Sexual assault on college campuses, a topic normally surrounded by a culture of silence, has become headline news. This is a national issue, and Stanford, while idealized as a palm-lined paradise, is not exempt from reality: sexual assault happens everywhere. Although Stanford has avoided the federal investigations and public scrutiny directed at other institutions, our university’s policies regarding sexual violence are just as critically flawed. As one survivor expressed to me, “When Stanford told me how it was sanctioning the man it found responsible for forcibly sexually assaulting me, I felt totally helpless.”
The Stanford Alternate Review Process (ARP) is Stanford’s process for adjudication regarding student on student altercations, but most students found responsible for sexual assault by the ARP have not faced any significant consequences for their actions. According to tenured Stanford Law professor Michele Dauber, head of the Board of Judicial Affairs from 2011-2013, between 2005 and 2011, nine students were found responsible for sexual assault and one student was expelled. The other eight students received suspensions ranging from 1-8 quarters, sometimes including other restrictions such as housing bans, mandatory education and/or community service.
Professor Dauber believes that “expulsion is the appropriate sanction for sexual assault, unless there are highly unusual mitigating circumstances. The purposes of the Fundamental Standard and the Penalty Code can only be carried out if there is accountability.” I agree and believe that the only way to hold students accountable is to expel those parties found responsible for forcible sexual assault.
We have a problem of sexual assault here. A survey presented to the Faculty Senate in 2013 noted that out of the 175 reported sexual assaults between 1997 and 2009, only four students chose to pursue cases for evaluation by Judicial Affairs (now known as The Office of Community Standards), and only in two of those cases was the accused party found responsible.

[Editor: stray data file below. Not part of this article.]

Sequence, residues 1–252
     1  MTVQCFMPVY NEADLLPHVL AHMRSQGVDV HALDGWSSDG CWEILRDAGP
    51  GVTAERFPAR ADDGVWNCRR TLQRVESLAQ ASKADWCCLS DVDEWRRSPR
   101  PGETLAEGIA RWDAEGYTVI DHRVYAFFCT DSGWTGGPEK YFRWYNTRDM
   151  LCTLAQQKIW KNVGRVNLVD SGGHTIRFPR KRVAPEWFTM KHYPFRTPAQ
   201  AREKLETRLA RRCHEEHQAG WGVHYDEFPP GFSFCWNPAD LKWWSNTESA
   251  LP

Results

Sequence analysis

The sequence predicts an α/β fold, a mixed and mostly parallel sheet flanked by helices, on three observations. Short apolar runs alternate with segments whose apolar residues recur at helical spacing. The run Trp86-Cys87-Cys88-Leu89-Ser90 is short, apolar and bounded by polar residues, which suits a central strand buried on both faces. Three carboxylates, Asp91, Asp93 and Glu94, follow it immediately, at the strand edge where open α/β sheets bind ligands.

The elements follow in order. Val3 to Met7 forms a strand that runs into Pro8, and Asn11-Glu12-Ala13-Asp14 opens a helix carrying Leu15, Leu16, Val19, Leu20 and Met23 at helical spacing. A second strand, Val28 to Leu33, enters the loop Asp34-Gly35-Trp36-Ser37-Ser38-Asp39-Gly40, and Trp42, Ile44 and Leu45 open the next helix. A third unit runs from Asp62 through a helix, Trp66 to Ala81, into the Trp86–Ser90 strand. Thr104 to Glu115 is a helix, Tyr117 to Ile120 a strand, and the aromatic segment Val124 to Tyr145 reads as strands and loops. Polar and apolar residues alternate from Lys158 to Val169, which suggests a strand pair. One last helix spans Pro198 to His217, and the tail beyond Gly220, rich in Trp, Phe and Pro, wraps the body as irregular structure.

Stanford’s current ARP, supposedly meant to improve accountability, is a drastic but toothless improvement. In general, the channels presently available to student survivors seeking penalties for their accused assailants include filing cases with the ARP and/or under Title IX. But at Stanford, the only way to discipline a responsible party is to file a case with ARP. A student cannot be suspended or expelled through Title IX at Stanford because of the Student Judicial Charter, which provides a specific judicial process prior to any and all disciplinary action, relegating survivors to the ARP if they want to see their accused attackers penalized in any way.
Despite a parallel increase in the number of ARP cases and parties found responsible, most students found to have committed sexual assault or misconduct are allowed to complete their education with illusory and mostly confidential consequences. It is no surprise to me that a survivor would question going through the ARP, a difficult and lengthy ordeal that delivers only the legal equivalent of a slap on the wrist – even in cases of forcible rape. In addition to going through the trauma of having their stories picked apart and questioned, survivors are expected to be high-performing students at a rigorous institution, oftentimes knowing that even if the responding party is found responsible, that student will still have the privilege of attending and graduating from Stanford. One ARP case, currently underway, has already taken Stanford more than twice the 60-day ARP timeline recommendation to resolve. That case has lasted about five months, spanned two quarters and derailed the academic life of the rape survivor involved. I will not attempt to put into words the emotional toll shouldered by survivors of sexual assault.